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Van Der Graaf Generator - Theme One / W CD (album) cover


Van Der Graaf Generator

Eclectic Prog

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mystic fred
Honorary Collaborator
4 stars An aural firework display!

As a big fan of Tommy Vance's "Friday Rock Show" I managed to track down this great piece of music eventually, i'm not sure how rare the single is today but i noticed neither track appears on any early VDGG albums on vinyl, though the two songs have managed to find their way onto remastered CD. After I obtained this single I checked out some early VDGG albums - "At Least..", "H to He" and "Pawn Hearts" hoping to find some more gems like this but was disappointed, as I remember feeling the albums were way over my head at the time, and nothing with the instant appeal of "Theme One".

According to the label, the instrumental track "Theme One" was written by George Martin, and starts with a swirling organ intro leading into the extremely catchy main theme, then building up to a crescendo of swirling mellotrons and organs, which I could describe as an aural firework display! Unfortunately a very short piece, though definitely no damp squib, something they could really have built upon as an extended album track. The 'B' side "W" drifts in with a much more relaxed atmosphere, and though Peter Hammill's interesting vocal style is reputedly an acquired taste generally, he seem very accessable on here. The song drifts around with some interesting atmospheric effects, with otherworldly flutes, piano and acoustic guitar.

An excellent little gem to any Prog collection - do I wanna sell it? - not on your nelly!

PS - this version is much better than the one on "The Box"!

Report this review (#97172)
Posted Sunday, November 5, 2006 | Review Permalink
2 stars An all instrumental single from VDGG can only be equalled by a vocal one from Tangerine Dream I guess !

"Theme One" is an instrumental piece of music with little inspiration. Repetitive and a bit boring. Few Jackson's interventions (only during the second half). Very keyboard oriented (strong though). It was the generic of the radio programme "Rock Friday Rock Show" and written by Georges Martin. Peter Hammill was not even in the studio when it was recorded ! VDGG will play it first as a rehearsal, then in live gigs but there was never a place for it on a album (guess why). Peter will say : "This was something different for VDGG". I bet you !

B-side "W" is another forgotten song from the "Pawn Hearts" sessions. It starts OK but ends up in a jazz impro leading nowhere. Poor. No wonder those two tracks never made a place on a VDGG album. They were just leftovers (if you have read some of my reviews, you know my feeling about leftovers).

FYI, I started listening VDGG in 1974, I have their entire official catalogue and saw them played live in 1976 (October, Brussels, Cirque Royal). I'll soon go back and see them in April this year - 2007). So, yes : I am a die-hard fan but not blind nor deaf.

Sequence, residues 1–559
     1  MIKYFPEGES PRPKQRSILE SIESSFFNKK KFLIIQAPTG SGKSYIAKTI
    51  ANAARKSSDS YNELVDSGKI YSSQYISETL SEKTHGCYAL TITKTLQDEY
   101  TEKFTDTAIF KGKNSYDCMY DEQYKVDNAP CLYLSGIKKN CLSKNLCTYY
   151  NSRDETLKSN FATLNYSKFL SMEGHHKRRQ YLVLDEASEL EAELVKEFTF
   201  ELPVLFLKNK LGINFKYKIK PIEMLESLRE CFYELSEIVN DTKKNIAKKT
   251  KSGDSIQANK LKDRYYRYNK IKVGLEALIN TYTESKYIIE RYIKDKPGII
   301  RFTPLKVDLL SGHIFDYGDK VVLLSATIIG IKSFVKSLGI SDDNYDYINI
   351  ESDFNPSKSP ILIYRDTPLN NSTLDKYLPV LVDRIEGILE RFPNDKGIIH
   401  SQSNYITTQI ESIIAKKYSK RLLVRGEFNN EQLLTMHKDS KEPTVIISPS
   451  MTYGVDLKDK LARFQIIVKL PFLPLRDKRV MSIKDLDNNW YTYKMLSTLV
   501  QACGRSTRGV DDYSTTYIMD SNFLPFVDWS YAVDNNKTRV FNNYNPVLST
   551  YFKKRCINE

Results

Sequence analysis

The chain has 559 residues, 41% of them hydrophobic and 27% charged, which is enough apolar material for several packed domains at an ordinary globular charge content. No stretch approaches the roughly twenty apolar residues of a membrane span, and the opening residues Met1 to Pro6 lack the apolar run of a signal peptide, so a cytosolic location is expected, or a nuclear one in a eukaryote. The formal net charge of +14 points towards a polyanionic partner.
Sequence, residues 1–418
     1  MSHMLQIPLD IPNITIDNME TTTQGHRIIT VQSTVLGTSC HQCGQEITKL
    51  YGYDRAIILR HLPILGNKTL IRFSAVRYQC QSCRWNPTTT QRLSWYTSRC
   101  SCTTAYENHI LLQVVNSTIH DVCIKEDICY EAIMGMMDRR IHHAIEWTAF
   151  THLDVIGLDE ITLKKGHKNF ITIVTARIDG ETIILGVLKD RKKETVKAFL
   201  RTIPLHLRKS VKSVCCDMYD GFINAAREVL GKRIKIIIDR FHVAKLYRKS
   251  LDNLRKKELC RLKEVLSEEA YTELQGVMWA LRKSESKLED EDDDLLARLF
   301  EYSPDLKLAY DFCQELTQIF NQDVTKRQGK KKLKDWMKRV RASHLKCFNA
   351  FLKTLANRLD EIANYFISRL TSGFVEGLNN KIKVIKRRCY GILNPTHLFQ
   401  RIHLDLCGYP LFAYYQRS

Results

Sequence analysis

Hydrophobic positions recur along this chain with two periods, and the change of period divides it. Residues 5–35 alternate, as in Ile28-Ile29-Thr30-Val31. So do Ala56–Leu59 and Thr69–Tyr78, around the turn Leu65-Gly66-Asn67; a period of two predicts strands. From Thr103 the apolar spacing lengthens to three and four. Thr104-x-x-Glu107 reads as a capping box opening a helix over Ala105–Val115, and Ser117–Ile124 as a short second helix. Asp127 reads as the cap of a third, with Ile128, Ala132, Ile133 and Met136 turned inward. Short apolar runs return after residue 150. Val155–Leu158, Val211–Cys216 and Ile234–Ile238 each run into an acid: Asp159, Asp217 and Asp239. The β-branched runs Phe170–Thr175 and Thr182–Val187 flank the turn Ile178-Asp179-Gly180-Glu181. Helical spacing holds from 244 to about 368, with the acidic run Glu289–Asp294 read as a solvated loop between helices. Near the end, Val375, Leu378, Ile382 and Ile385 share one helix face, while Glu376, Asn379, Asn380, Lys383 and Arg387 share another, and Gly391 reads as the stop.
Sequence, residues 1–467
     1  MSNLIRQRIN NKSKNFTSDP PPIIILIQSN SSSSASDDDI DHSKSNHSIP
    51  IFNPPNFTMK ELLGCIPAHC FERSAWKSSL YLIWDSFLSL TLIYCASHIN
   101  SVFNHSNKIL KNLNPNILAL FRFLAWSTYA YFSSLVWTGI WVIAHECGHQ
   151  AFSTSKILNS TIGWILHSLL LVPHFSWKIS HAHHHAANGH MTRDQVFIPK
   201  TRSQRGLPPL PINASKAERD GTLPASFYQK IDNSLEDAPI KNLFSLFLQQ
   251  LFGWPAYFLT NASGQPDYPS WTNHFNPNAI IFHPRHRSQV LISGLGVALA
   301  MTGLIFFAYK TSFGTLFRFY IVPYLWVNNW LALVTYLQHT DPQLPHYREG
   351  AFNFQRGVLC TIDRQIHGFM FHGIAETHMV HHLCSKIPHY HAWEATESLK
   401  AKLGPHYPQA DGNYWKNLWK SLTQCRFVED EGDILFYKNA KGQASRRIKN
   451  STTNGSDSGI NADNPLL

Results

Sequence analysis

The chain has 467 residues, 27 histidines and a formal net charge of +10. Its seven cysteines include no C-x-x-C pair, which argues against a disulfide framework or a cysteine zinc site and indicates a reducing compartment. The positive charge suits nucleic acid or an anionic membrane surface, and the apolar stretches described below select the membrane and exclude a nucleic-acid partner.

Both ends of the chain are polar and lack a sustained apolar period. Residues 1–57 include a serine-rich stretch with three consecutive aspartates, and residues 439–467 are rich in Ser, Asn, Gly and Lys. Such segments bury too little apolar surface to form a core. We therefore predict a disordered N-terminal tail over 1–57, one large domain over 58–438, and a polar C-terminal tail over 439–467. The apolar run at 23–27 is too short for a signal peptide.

This is crappy. Two stars (and I am very generous).

Report this review (#107670)
Posted Tuesday, January 16, 2007 | Review Permalink
4 stars This is an interesting single by VDGG. Released around the same time as Pawns Heart it sold very well on the continent and pretty well at home. It is still possible to buy a copy on ebay but prices are starting to rise. Theme One is unusual as it is an instrumental with no sign of Mr Hammil's wonderful voice. In fact this track was composed by George Martin the Beatles producer. It showcases Jaxon's sax playing and it is a good track. However the real meal is the Flip side "W" is a brilliant example of VDGG's music with a fun lyric about death and some very interesting sounds. "W" is available on the box set and a couple of compilations and Theme one is available on more and also on the American version of Pawn Hearts. This single is on the highly valued and desired Charisma Pink Label and is a decent pressing as you would expect. This single is a must own item for serious VDGG fans and it is likely that its price will rise over the next few years. As far as Stars go I award 3 to Theme one and the Full 5 to "W". So it gets 4 which is very high for any single release most especially a prog single.
Report this review (#146715)
Posted Wednesday, October 24, 2007 | Review Permalink
4 stars The contents of this single are not VDGG at their very best (hardly anyone expects them to be!), but my good rating has a lot to do with the fact that both tracks are outside main albums and also pretty good ones.

'Theme One' is familiar to me from the compilation covering the "first generation" of VDGG (1969-1971). Originally written by George Martin for BBC Radio One (sadly I haven't heard that tune), it's been transformed into a killer VDGG track, captivating all the power possibly available in a short instrumental. David Jackson's saxes and Hugh Banton's organ are in the focus. The melody is gorgeous and catchy in a good way - that is, if it happens to linger in my mind after listening, it's not a nasty ear-worm but just continues to spread its energy. And it sounds genuinely classic VDGG!

'W' (> "double-you", referring to the Hammillesque lyrics dealing identity problems) is a slow, low-key song with an improvisatory, wandering atmosphere and a tiny, accessible touch of avant-garde or free jazz. Not melodic or emotionally strong but still quite interesting. Hardly it was a given a faintest chance to be included on the superb Pawn Hearts album. But as single B-side tracks these curiosities nearing the throwaway category are always more justified than filling singles with album material. (Maybe I should give a minus for the nazi-like gestures found also in the inner sleeve of Pawn Hearts.)

Report this review (#784850)
Posted Monday, July 9, 2012 | Review Permalink

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